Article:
“I knew we couldn’t do our jobs as effectively or bravely as we need to without libel insurance,” Brown says, noting that journalists can be sued for libel without having committed the offence.

What’s published is ultimately the responsibility of the publisher, says Jessica Johnson, executive editor of The Walrus, in Toronto. But contributors to the magazine don’t always see that ethos reflected in their contract.

“I know it’s misunderstood by a lot of people because I’m asked about it all the time,” Johnson says, noting The Walrus recently clarified the wording in its freelance contract but kept the same terms. “I was spending time on the phone with people … saying, ‘Look, this is what your contract actually means.’ Once we had that conversation, people were usually satisfied by it.”

The seven-page contract in question includes the following terms:

The contract doesn’t require writers to indemnify The Walrus from any lawsuits but “to indemnify the publisher from any breach of the writer’s responsibilities and warranties,” Johnson says. That includes making up sources, deliberately lying to editors, and failing to tell a subject the story is being written or giving them sufficient time to respond to accusations.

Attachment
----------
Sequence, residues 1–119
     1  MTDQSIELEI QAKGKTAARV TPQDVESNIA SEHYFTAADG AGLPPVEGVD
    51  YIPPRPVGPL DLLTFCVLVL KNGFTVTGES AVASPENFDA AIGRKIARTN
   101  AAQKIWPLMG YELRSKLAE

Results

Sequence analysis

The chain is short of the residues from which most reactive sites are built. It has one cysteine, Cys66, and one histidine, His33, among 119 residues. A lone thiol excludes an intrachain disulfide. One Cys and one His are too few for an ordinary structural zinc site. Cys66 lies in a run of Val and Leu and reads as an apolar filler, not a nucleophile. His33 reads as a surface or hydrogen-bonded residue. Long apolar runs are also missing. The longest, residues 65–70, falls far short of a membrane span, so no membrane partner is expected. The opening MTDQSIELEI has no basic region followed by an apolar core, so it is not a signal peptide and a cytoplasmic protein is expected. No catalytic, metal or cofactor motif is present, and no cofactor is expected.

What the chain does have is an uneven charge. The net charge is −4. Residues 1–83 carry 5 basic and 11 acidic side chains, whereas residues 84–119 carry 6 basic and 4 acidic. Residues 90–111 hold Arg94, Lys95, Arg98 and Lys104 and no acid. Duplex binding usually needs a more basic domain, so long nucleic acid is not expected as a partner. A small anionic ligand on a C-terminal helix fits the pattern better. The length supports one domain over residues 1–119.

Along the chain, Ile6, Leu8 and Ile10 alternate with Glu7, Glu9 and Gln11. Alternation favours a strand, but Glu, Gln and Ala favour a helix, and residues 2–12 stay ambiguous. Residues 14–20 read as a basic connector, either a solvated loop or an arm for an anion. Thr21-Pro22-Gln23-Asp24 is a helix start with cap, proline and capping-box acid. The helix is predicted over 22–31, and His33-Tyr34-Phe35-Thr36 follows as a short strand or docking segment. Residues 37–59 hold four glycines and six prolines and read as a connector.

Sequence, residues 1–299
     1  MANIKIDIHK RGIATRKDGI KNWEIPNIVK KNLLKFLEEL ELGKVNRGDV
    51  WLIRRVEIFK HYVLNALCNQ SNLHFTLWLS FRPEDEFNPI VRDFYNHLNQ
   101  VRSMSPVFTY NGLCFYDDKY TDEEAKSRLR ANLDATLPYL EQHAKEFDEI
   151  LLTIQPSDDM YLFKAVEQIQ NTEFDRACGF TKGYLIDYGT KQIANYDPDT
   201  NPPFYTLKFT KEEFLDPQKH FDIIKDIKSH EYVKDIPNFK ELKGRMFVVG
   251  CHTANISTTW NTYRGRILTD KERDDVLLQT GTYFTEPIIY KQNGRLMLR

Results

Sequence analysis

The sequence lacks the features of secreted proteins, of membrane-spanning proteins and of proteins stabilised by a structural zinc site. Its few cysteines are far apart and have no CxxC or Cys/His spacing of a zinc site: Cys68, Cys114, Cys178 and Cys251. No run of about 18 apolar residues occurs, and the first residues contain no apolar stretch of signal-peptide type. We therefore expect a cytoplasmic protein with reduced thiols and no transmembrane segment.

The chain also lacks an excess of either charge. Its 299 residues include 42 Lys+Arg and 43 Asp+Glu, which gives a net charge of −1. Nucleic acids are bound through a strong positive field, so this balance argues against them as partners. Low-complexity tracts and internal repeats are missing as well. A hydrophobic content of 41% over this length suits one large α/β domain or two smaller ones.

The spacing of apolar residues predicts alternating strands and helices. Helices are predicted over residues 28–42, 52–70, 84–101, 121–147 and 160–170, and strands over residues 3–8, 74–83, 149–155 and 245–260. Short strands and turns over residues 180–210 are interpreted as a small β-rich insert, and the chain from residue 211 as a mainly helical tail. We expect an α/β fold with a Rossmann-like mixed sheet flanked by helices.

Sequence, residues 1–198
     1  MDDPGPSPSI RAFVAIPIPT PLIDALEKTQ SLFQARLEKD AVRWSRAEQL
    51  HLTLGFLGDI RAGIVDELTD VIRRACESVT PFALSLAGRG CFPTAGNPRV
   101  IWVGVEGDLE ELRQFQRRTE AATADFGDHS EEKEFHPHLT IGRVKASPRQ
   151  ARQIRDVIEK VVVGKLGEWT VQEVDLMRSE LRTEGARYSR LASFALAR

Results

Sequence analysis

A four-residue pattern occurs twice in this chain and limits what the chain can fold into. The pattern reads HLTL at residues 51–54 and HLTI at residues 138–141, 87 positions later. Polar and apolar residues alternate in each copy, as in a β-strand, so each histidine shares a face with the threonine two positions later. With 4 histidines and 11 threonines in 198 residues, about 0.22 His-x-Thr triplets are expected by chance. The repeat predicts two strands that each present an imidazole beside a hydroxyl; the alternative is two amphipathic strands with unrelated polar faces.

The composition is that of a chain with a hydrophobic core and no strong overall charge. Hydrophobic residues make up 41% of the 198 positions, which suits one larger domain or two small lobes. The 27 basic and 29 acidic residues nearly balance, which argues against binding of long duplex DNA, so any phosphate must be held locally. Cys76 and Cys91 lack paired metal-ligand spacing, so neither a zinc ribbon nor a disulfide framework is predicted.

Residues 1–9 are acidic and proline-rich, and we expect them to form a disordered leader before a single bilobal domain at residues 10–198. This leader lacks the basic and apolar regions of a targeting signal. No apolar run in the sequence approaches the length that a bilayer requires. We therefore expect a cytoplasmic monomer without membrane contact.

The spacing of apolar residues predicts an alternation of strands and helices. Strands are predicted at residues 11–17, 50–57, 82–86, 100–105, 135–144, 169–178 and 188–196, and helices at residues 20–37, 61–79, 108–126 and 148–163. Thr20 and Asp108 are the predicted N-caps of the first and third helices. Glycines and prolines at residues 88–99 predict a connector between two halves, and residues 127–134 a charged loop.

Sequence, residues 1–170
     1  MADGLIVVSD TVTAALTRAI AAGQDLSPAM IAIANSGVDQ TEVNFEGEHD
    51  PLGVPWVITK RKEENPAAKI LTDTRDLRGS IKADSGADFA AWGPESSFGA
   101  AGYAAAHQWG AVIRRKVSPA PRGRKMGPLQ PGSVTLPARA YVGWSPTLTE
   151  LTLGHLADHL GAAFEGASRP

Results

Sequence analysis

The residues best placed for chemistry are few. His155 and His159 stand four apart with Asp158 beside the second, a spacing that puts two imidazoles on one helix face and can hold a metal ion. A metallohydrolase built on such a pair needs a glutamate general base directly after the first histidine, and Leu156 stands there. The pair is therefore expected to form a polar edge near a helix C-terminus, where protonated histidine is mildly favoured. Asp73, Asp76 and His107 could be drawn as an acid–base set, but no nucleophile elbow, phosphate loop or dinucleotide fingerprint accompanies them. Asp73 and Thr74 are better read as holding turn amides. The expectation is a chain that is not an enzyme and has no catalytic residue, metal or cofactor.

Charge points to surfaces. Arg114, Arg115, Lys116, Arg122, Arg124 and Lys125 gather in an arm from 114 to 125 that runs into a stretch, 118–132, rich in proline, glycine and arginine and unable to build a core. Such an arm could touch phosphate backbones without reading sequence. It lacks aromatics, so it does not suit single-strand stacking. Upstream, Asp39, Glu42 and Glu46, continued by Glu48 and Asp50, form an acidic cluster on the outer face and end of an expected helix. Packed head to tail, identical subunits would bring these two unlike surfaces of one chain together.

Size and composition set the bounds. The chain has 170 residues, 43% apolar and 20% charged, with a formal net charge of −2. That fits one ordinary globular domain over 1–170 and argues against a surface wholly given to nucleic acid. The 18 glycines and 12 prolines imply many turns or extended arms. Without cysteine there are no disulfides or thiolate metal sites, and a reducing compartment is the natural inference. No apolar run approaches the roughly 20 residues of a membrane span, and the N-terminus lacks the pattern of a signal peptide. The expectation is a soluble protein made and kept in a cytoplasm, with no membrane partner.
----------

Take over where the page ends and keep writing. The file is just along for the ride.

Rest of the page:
I suggested that section 1.2, when read in light of section 1.1(d), requires writers to indemnify the magazine for losses tied to a libel lawsuit. Johnson disagreed, stressing the second half of the 1.1(d) clause: “the Work contains nothing libelous or in violation of any right of confidentiality or privacy about which the Writer has not notified the Publisher on submitting the Work.

“If I am a writer and I’m writing a difficult story, which is often the case, and I tell the editor, ‘So-and-so is going to be weird about this,’ or ‘I don’t feel right about this,’ or ‘I’m worried about this,’ then you’re fine,” Johnson says. “You have done your due diligence and you have let us know there’s possible legal sensitivity around something. … If you have done your job, you don’t need to worry.”

Make sure you have written evidence

If discussions about legally sensitive issues do take place, however, CMG Freelance president Don Genova advises freelancers to make sure they have written evidence of those discussions if they take place in person or over the phone.

“It would be advisable to sum up any conversations with a follow-up email to make sure everyone is on the same page. Or to save email threads in which these types of discussions take place,” he says.

In its 15-year history, The Walrus has never been successfully sued, Johnson says, emphasizing the defense of truth to defamation claims. That is, subjects don’t have a case if the article is true. So the magazine has an extensive fact-checking process, and has killed stories if they don’t pass muster. As for section 8.3, The Walrus requires freelancers to pay 50% of legal fees is they are found guilty of libel but not if they are acquitted because, in the latter case, they’ve done nothing wrong.

“I don’t know how a contract could be more friendly than ours is right now,” Johnson says.

 

Click here to read part two of this series: What should you do if a publication asks you to sign a contract with an indemnification clause?